For the better part of the past decade, online tech support scams have been on the rise as hackers find new ways to trick consumers into providing remote access to their computers in order to steal information. This tried-and-true remote connectivity hacking scam today relies on sophisticated social engineering fueled with detailed information on the user that can trick even the most savvy or skeptical user into keeping the scam going.
In fact, in 2017 alone, 2.7 million Americans reported some form of fraud to the Federal Trade Commission. And there were almost certainly many more who were either too embarrassed or too jaded to report what they experienced.
What essentially all online and email scams share is that they attempt to impersonate someone or some institution that seems credible. They attempt to capitalize on the recipient’s cultural norms of trust, courtesy, and professionalism to hear out their pitch.
They usually attempt to play into the listener’s sense of fear over losing something, like a valuable service or, alternatively, appeal to the listener’s opportunism for getting something valuable for nothing.
Phishing scams today often involve someone pretending to be from a company you already do business with such as Apple, Microsoft, or Amazon, sending out a text or email that says you have a problem with your account, or perhaps a delivery issue, a refund, or some other plausible-sounding matter.
You are then directed to a link and told that unless you provide confirmation of your account information, that account will be suspended, and legal action will follow.
The phisher almost certainly doesn’t have either your username or password. If they did, they wouldn’t have to bother using an elaborate ruse to gain access your computer network. Instead, claiming that it’s a matter of great urgency, they use deceit to trick you into providing access to data, images, text files, or money.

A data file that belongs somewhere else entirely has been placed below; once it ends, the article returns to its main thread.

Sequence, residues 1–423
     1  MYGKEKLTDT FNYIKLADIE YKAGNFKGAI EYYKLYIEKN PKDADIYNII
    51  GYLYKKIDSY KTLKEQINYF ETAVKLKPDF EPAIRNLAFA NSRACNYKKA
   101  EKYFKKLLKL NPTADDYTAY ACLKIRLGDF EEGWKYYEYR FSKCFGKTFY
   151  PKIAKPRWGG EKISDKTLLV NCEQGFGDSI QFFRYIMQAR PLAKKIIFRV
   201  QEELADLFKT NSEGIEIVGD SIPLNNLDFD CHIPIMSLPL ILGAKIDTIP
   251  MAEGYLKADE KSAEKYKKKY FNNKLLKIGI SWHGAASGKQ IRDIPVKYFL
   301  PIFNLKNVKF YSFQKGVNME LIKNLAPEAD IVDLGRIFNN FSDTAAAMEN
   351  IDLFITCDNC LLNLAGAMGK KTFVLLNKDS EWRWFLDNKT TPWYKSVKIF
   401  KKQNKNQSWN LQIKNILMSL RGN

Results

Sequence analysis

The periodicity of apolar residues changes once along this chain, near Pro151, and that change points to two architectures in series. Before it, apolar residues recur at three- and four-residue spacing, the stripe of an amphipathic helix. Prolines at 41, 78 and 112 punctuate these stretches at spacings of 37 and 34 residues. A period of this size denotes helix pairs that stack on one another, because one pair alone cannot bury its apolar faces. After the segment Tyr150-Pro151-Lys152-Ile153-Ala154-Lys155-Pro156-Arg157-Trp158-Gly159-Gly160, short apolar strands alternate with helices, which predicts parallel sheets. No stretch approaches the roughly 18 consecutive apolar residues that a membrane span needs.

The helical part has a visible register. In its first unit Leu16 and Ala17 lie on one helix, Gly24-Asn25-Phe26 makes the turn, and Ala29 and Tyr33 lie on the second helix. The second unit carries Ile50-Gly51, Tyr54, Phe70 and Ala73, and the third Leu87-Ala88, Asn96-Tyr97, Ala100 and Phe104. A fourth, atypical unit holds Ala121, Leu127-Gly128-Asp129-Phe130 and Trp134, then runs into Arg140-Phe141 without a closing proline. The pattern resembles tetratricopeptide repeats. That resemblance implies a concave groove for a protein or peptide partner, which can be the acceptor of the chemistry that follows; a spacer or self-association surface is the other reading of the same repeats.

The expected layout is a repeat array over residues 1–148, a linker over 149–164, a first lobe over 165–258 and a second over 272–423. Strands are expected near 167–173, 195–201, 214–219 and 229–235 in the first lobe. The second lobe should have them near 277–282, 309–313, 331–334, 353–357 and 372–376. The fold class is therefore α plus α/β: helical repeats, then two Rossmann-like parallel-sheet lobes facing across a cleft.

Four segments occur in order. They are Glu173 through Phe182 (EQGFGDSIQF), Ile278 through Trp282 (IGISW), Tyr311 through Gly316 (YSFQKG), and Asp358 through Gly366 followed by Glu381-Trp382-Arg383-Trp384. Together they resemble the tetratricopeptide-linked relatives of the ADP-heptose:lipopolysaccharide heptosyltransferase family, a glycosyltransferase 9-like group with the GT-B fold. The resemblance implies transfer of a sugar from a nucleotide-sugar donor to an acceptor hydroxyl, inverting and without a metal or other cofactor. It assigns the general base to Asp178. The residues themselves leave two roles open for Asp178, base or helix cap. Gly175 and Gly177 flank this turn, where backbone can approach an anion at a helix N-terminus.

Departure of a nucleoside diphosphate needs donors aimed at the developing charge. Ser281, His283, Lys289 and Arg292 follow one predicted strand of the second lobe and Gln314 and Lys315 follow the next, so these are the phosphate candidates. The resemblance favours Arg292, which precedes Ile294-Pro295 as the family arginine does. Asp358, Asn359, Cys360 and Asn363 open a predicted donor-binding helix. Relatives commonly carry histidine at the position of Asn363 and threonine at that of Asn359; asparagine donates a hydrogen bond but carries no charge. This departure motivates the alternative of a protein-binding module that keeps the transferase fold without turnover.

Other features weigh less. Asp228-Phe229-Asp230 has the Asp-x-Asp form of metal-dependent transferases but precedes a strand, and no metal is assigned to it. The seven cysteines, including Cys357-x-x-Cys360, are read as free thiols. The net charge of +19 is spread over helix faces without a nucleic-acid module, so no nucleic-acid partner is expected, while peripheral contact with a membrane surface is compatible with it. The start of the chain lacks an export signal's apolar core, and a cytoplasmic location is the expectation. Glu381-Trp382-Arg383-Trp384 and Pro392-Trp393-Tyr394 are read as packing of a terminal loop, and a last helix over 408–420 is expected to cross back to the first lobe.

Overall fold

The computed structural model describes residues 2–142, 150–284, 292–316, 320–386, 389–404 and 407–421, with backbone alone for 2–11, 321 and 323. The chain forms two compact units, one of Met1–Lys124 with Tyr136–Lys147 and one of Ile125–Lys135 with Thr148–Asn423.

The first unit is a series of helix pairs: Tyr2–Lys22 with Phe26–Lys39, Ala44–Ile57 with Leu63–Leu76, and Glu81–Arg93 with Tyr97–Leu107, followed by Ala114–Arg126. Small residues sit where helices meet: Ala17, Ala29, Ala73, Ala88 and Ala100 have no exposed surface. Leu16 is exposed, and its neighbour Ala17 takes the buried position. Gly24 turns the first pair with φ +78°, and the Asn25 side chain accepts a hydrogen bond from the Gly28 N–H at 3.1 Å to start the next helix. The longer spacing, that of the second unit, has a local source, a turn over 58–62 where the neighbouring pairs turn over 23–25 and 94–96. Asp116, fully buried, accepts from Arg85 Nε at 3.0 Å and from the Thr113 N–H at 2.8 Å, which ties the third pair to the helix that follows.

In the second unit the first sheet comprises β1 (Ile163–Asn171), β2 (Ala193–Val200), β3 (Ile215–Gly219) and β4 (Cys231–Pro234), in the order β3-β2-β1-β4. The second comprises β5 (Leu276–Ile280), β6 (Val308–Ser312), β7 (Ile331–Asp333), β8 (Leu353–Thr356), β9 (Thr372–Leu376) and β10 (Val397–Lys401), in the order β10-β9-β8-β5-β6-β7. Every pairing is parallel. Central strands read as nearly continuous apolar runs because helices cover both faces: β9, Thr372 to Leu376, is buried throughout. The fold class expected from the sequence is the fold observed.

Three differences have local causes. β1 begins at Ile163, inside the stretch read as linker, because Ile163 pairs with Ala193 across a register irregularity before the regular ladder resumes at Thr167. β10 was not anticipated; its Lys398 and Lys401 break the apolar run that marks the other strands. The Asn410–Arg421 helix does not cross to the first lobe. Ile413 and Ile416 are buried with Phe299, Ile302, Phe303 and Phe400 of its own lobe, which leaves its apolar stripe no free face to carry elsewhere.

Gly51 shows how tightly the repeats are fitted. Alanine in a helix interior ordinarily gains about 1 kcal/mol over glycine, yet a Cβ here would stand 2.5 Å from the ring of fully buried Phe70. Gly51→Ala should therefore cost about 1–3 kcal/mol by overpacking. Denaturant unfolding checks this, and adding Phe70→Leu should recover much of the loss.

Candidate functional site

One particularly damaging form of trickery may not involve email at all. It could start with a phone call from someone pretending to be your helpdesk or IT service organization needing to remotely access your computer to update or fix something.
“All you need to do is download this maintenance patch I’ll send you and let me do the rest,” the user is told. Of course, it’s a scam for someone to access the network.
Here are some valuable tips.
Security Tips: Cutting back on phish
With so much toxic angling, a low-phish diet will be good for you and your business. Sooner or later, everyone is likely to receive a deceptive phone call or email. But like any diet, this one requires awareness, education, and discipline.
Essentially, all phishing scams require the recipient to open or click on something that’s malicious. Educating yourself and your employees about how to recognize, avoid, and report phishing attempts is essential to the effort.
Vigilance and skepticism online are the mantras of digital living to avoid remote connectivity hacking.
- Many phishing messages share certain elements in common. One of the most frequent is a sense of urgency saying that the recipient needs to do something immediately – either to send money to verify certain information, or to update their credit card on file. That’s a red flag. Banks, government agencies, and most business organizations still use snail mail to collect funds and personal data.
- When you do receive an email from your bank that requires action, log on to its website by keying in the bank’s URL yourself. Don’t use the link in the message to visit the bank’s website; it could actually be a malware attack on your computer. By hovering over a link in the message without clicking on it, a balloon will appear with the sender’s real address. If it looks phishy and doesn’t contain the official domain of your bank, pick up the phone and call your bank.
- Many scams originate overseas from countries where English is not the native language. As a result, there might be awkward phrasing, archaic terms, or misspelled words that a professionally written email or website from an authentic U.S. organization would never use. That’s another red flag.
To help train employees, IT personnel can periodically send fake “phishing” emails, which helps identify vulnerable staff members who could benefit from more guidance. They can teach users to recognize malicious, remote connectivity hacking messages.
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But remote connectivity hacking scams continue to evolve. Ongoing education and awareness efforts, together with prompt reporting of suspicious emails, are essential to maintaining the first line of defense – alert company employees and wary business executives.
Collaboration may be a double-edged sword but, using the right defense, the user can properly yield its power.